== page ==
For the most part this step is free, although you might need a minimum balance to avoid fees.


4. Business licenses

Everything that is required by the Federal government, state, county, and city will be required for your loan approval. The lender will ask you to detail what you have, along with the address your business is registered to.

Common Federal compliance requirements are liquor and firearms licenses, if you deal with either of those.

For state and local compliance you may have occupational licenses (e.g. financial services), agricultural licenses, pollution permits, weights and measures certifications, and the list goes on.

The SBA website is a great resource for additional information by state. Some of these will cost money, or require approval from an oversight body.

Lenders will confirm with each records-keeping body that all of the licenses and permits are active, and in good standing. If you’re missing any, you will be automatically rejected.


5. A real business physical address

The lender will check with the USPS on the type of address your business is registered to. It must come back as a “commercial” delivery point.

80% of business lenders will outright reject an application that is tied to a residential address.

Home based businesses are statistically more likely to fail, and they’re much less likely to have the right cash flow for debt servicing.

That also means no PO boxes, and no mailbox store addresses. Earth Class Mail street addresses will work for these purposes.


6. A unique phone number

A phone number that is not registered to your home address, personal SSN, or personal bank account will be required here. 

There are plenty of inexpensive solutions for this, you can cheaply lease a toll-free or local number from services like Grasshopper. Register it under your business name, use your EIN, and setup billing to your business bank account.

It’s not guaranteed that this will be a factor, but it’s any easy item to check off the list. 


7. Directory listing with 411

Yes, it’s still a thing. Lenders move slowly when it comes to changing their requirements for qualification, even though the world long ago moved on from calling into directories.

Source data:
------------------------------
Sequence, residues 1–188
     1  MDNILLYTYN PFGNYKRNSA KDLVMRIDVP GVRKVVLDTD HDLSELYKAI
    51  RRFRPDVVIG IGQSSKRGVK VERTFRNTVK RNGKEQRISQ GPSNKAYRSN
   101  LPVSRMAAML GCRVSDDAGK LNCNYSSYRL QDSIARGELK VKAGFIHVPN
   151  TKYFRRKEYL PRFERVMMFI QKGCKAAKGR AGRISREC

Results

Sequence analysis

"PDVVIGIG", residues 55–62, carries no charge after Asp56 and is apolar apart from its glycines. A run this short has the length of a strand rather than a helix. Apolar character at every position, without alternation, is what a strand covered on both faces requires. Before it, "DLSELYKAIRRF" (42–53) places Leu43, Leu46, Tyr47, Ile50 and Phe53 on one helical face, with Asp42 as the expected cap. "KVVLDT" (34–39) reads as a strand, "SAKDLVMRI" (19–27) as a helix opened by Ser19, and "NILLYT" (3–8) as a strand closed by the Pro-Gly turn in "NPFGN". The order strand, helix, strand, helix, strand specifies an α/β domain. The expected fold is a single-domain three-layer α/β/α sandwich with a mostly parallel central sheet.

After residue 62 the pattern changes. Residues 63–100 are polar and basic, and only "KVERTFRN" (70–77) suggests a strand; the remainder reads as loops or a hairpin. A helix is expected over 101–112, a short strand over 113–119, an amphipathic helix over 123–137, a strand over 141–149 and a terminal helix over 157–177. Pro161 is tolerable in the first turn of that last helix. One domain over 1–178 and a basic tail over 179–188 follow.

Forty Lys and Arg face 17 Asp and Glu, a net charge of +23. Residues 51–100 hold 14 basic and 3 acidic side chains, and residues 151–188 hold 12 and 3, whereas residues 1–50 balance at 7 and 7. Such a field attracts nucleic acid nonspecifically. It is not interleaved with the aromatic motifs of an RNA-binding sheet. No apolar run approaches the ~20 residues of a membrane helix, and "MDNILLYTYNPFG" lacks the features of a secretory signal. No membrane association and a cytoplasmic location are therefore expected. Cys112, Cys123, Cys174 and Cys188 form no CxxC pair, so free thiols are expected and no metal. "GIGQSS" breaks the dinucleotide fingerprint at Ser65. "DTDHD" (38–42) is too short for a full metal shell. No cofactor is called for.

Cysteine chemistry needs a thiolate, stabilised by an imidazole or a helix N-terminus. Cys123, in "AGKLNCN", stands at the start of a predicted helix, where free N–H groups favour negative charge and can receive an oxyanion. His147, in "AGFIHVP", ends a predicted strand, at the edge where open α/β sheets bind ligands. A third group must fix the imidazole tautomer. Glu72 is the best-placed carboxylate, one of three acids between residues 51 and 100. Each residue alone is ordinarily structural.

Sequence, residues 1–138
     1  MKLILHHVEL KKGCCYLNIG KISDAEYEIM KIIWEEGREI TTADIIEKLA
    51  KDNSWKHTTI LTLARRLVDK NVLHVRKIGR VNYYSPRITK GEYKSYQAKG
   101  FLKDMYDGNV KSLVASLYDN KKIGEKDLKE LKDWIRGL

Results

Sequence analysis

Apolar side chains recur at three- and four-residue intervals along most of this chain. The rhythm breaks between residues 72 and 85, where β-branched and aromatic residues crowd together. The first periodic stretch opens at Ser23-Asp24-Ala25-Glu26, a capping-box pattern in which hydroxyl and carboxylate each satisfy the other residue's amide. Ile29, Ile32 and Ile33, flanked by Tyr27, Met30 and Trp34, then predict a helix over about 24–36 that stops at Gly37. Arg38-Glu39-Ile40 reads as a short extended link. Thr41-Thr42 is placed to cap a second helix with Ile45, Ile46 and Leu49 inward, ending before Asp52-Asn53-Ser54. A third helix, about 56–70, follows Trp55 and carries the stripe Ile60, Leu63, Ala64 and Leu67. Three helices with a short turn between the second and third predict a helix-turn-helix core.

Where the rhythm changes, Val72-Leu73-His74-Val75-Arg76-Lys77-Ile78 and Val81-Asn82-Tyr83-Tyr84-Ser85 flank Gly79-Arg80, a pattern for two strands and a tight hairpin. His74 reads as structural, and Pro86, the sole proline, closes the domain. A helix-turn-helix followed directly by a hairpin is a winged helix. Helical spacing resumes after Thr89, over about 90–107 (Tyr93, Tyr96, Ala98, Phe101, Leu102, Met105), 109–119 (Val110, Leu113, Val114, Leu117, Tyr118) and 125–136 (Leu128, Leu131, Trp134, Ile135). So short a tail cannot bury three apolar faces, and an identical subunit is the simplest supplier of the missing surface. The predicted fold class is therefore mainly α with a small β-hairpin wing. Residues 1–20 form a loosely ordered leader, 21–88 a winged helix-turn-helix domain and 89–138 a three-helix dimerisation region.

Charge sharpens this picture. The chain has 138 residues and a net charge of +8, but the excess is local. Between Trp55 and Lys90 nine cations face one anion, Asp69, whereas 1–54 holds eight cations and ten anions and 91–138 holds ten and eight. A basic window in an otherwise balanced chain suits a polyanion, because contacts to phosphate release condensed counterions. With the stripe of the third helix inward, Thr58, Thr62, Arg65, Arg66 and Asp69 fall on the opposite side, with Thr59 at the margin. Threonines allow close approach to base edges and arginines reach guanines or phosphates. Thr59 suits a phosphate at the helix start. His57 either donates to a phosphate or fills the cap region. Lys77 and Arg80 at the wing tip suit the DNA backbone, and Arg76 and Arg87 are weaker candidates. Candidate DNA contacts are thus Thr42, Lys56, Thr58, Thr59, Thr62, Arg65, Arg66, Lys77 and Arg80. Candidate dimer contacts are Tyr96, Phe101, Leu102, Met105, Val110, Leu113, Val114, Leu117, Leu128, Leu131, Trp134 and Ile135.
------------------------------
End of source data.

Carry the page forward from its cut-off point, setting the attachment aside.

It’s a lot easier than it used to be though, VOIP numbers and cell phones will work for directory listing. So in this case, take care of 6. and then get your number listed for your business – make sure the listing matches your entity name or DBA.

There’s a free service for this, but you can also go directly through Whitepages or some carriers like Verizon.


8. A real website and business email domain

That’s right, businesses without websites and those that can’t be found easily via search engines are more likely to fail. Lenders will look at whether you have a website, and if your business email address is custom or branded.

Unfortunately, [email protected] is not going to fly. You need something business appropriate, like <first name>@<your website> to pass this check.

There are plenty of inexpensive solutions here. You can easily buy a domain for $10 per year, GoDaddy is a good place to start and there’s Google Domains as well, among thousands of other options. Setting up an email on your new domain just takes a few minutes.

On To The Next One

Consider 1-8 table stakes for getting consideration from a business lender. There’s really no way around them, you need to throw in some chips just to play.

Fortunately, it’s not all that expensive to fill in any gaps you may have. 

In the next post we’ll dive into the remaining items, all focused on establishing and building your business credit. Stay tuned!